Prompt Recompression

Why ‘Prompt’ Recompression?

Here are $32 Million reason which has been in the public domain since 1996.

“If the arteries supplying blood to the spinal cord becomes blocked, an area of the spinal cord is deprived of oxygen due to decreased blood flow. Without oxygen to the spinal cord, nerve cells idle; when they receive oxygen the neurons can fire up again.

If the nerve cells are without oxygen for 10-15 minutes, they may fire back up, but ultimately trigger their own suicide routines, a process known as preprogrammed cell death or apoptosis. Symptoms may come and go, but the process is irreversible.” …. Dr. Arthur Dick.

‘Evidence presented at trial established that full recovery was a virtual certainty with timely
treatment in a hyperbaric chamber within two hours of the onset of symptoms. The chances for full
recovery would decline over time, however, so that after four hours an untreated bends patient would
more likely than not sustain permanent injuries.

Rawson was on shore within 90 minutes, at which time he was met by ambulance and evaluated by emergency medical technicians. The patient was ready for transport within another 10 minutes but, rather than take him to an available hyperbaric chamber at the Navy Air Station less than 1-1.2 miles away, Baptist personnel ordered the ambulance to wait for a Life Flight helicopter transport.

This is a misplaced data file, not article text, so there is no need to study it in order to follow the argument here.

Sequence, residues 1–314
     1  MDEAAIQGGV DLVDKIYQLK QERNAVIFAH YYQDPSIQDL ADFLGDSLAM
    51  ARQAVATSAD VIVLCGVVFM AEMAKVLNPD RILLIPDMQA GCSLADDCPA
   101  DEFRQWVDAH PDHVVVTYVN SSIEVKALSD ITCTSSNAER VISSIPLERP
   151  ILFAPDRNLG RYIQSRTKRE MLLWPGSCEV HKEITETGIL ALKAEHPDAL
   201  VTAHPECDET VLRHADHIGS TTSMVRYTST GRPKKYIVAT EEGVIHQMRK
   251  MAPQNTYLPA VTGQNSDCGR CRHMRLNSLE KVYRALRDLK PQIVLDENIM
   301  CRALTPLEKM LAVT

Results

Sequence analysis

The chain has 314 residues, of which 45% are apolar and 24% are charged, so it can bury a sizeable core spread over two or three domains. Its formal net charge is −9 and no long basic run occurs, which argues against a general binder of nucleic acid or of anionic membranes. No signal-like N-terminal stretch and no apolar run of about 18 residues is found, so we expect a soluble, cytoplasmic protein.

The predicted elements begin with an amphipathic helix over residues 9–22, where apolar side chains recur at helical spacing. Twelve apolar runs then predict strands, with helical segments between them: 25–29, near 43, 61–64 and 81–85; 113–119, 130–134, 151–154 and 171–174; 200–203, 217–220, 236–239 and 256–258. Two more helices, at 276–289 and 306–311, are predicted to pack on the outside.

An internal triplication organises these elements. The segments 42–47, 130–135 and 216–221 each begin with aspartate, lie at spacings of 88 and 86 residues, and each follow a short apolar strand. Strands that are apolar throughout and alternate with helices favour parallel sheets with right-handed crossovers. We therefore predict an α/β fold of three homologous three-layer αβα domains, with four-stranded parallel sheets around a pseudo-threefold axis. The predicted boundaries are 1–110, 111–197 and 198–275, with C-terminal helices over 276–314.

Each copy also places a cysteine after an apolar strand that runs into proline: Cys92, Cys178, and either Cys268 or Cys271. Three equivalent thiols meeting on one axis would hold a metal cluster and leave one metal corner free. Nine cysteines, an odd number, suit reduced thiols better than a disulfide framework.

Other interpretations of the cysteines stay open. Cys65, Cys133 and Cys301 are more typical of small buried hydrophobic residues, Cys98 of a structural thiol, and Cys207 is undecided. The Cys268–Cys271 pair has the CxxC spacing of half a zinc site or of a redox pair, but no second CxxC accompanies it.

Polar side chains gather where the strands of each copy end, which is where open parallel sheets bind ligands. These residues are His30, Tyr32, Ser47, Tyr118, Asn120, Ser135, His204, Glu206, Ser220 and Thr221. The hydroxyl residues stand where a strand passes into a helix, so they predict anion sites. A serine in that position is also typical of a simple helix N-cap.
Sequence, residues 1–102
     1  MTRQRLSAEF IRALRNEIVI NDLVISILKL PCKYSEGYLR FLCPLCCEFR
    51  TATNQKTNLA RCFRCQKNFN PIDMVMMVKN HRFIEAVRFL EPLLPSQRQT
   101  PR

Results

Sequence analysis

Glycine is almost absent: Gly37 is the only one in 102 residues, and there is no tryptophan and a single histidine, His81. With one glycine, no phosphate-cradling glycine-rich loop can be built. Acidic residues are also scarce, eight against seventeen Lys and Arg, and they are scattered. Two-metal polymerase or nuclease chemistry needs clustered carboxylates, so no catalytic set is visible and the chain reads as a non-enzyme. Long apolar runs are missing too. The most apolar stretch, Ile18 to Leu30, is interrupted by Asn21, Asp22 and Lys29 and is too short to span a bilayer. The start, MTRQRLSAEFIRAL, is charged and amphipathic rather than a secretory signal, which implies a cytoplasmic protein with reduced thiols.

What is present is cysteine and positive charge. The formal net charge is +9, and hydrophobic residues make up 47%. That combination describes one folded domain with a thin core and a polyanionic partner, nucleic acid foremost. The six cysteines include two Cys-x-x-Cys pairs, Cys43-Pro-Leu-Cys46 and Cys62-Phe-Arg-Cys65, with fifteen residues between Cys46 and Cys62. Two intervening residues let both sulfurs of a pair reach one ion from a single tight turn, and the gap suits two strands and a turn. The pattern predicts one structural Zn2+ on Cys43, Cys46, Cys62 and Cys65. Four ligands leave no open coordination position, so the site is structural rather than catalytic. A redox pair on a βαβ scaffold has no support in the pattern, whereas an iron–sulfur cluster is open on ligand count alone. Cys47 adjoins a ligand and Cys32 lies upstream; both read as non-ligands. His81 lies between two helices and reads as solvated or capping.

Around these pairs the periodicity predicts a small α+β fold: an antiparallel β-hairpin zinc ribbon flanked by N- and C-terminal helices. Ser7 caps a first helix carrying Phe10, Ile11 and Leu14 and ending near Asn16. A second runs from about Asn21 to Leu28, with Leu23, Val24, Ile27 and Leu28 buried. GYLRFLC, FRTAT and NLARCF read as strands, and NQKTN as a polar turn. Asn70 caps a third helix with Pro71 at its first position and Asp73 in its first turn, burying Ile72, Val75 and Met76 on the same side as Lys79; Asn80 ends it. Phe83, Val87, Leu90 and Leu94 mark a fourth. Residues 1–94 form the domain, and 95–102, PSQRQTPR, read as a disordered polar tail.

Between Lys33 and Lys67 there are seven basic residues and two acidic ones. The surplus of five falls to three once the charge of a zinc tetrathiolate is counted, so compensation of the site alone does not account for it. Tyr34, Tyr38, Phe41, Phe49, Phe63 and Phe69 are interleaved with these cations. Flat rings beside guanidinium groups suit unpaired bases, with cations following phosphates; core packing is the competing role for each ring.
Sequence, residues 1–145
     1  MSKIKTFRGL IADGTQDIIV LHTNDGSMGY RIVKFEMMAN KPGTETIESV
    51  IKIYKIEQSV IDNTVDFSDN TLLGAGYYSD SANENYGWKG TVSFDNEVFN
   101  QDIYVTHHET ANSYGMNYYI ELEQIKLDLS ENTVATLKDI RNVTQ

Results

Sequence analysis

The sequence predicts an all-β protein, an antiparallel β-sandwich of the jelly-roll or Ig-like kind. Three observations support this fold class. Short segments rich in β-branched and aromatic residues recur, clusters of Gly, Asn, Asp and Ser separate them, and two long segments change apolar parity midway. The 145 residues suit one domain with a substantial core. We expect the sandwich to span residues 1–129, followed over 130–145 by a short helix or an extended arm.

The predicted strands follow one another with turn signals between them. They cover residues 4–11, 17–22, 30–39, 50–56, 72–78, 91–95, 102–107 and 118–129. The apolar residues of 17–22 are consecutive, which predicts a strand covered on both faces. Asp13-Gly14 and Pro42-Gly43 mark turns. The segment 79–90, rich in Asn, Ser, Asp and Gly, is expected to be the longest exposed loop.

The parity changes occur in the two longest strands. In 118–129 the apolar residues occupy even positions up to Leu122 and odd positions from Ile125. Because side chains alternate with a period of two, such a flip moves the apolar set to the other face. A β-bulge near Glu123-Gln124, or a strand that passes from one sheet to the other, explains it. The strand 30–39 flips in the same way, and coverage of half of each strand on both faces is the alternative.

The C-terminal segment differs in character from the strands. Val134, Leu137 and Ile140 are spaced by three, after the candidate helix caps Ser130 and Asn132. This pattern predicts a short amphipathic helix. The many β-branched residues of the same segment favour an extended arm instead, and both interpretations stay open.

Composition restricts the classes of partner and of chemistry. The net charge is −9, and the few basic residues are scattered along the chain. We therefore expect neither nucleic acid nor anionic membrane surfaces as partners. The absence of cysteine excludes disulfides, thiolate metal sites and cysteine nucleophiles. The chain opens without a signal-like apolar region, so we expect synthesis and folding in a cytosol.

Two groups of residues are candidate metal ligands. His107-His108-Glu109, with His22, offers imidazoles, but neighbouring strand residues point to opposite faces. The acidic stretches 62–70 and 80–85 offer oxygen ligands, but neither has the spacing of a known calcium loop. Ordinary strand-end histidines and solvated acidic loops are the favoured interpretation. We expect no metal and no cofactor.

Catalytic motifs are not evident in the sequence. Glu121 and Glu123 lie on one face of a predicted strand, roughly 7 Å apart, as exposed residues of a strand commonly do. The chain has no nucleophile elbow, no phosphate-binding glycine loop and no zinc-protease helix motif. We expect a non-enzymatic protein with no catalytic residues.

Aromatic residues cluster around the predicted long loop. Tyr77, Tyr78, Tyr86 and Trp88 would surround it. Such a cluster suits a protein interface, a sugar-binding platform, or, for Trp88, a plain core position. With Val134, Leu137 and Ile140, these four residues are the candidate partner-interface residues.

In addition to the delays occasioned by the decision to use Life Flight, Baptist then decided to transport Rawson to its emergency room where there was no chamber.

Finally, Baptist’s decision to transport Rawson to Panama City, Florida for hyperbaric treatment
resulted in Rawson not entering a chamber within the critical four hour period. Rawson was left with
paraplegia and brought suit against Baptist’…. Successfully……

“No one, not a president or a doctor, is above the law. Mr. Levin went on to tell the jury that his whole case was made possible by the fortuitous discovery of a Navy document which proved that Baptist knew the Navy chamber was available for Rawson: Something happened that said, the good guys are going to win this time.”,injury
CITE: 674 So.2d 777 BAPTIST HOSPITAL, INC., Appellant, v. Malcolm Keith RAWSON, Appellee.

DOCKET, COURT: No. 95-2237. District Court of Appeal of Florida, First District.

DATE, SOURCE: April 24, 1996, Filed. Rehearing Denied June 19, 1996. Released for Publication June19, 1996.